If you live in the greater Los Angeles or Santa Monica area, come visit us at Reflections. If you don't, ask your medical team if they know of any place like Reflections near you where you can get assistance. If you are not near a specialty store for cancer survivors, then try to find these products and services in the retail stores that are near you. Some catalogues offer specific products, but the problem with catalogues is that you do not get to see what you look like in the product. How it looks on paper and how it looks on you can be very different.
You also may want to think about cutting your hair short before you lose your hair. This changes your look, gives you some control and helps you adjust to a different physical appearance prior to the hair loss.
There are many different options for dealing with hair loss and most people select more than one. Many women buy a wig, some scarves, and a couple of caps and hats to meet the needs of their lifestyle, where they are going and how they are dressed. The staff at Reflections can assist you with these different choices and show you how you can dress up or dress down different selections with scarves, bows, headbands, etc. Many men choose to shave off their hair and to buy one or two hats to protect their heads when they are outdoors.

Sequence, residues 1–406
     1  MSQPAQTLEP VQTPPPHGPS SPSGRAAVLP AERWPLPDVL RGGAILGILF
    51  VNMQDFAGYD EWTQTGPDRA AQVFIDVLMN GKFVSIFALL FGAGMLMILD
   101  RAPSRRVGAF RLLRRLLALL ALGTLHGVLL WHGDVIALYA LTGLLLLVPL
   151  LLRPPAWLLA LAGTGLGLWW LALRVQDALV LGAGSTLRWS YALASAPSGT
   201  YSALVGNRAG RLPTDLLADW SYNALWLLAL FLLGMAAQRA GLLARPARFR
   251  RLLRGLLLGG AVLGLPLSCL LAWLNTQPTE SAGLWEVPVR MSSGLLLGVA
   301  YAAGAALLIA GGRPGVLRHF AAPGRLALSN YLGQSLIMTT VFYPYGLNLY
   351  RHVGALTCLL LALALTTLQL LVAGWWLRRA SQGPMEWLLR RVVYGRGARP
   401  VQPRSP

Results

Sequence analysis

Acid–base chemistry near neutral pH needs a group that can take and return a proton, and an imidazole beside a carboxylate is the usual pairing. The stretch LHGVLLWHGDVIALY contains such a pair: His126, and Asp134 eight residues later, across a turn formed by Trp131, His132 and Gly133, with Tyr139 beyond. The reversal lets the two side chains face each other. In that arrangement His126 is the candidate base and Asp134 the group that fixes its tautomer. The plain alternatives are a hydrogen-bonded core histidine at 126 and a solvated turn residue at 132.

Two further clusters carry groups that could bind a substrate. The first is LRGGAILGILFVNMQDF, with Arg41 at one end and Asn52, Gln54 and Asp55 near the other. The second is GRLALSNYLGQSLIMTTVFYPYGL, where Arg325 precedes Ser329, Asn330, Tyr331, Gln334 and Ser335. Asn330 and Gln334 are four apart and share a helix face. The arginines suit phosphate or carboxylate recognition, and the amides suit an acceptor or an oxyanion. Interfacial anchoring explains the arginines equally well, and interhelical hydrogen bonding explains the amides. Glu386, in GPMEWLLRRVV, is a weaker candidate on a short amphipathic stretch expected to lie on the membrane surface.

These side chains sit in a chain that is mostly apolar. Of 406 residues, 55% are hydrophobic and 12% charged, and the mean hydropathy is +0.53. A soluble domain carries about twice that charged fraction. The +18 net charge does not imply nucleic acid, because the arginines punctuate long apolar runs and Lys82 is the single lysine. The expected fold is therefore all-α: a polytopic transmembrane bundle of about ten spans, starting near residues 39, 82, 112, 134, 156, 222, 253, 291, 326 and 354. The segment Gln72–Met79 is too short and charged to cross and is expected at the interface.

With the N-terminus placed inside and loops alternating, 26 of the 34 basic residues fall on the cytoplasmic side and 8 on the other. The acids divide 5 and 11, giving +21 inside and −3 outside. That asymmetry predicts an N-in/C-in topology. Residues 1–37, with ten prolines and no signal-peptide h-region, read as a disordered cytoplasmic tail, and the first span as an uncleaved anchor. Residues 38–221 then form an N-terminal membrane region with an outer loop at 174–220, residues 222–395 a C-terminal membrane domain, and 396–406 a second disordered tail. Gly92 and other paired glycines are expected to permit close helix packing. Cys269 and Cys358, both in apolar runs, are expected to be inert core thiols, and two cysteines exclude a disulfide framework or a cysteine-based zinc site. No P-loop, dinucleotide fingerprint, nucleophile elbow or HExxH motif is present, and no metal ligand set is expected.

Wigs - If you think you want a wig, you may want to choose one before you lose your hair so that your natural color can be somewhat matched. You also can save a bit of your hair for color matching. Some people use hair loss as an opportunity to try a new color. Wigs come in a wide variety of styles. Not everyone feels comfortable wearing a wig. It is up to you. (Wigs often need to be thinned or trimmed, so do not be afraid to take it to a stylist who knows how to cut wigs. Make sure they trim it on your head.)
Wigs come in a range of prices and can be made of synthetic or human hair. We have a selection of wig styles and colors and can fill special orders as needed. Most women opt for synthetic wigs. They can be washed, shaken and dried on a wig stand. Their ease of care helps individuals who have other concerns and problems associated with their treatment. Human hair wigs are more expensive and more difficult to care for. Reflections has a new and special relationship with a highly skilled and respected hair stylist from Westwood Village who volunteers his time and services to fit women with natural hair wigs and help them keep it styled and maintained. Natural hair wigs can also be dyed to match your hair.
Face Framer- We sell a face framer that can be worn under hats. They are good options for many women and are more comfortable than full wigs. This product comes in a long or short style and we carry many different colors.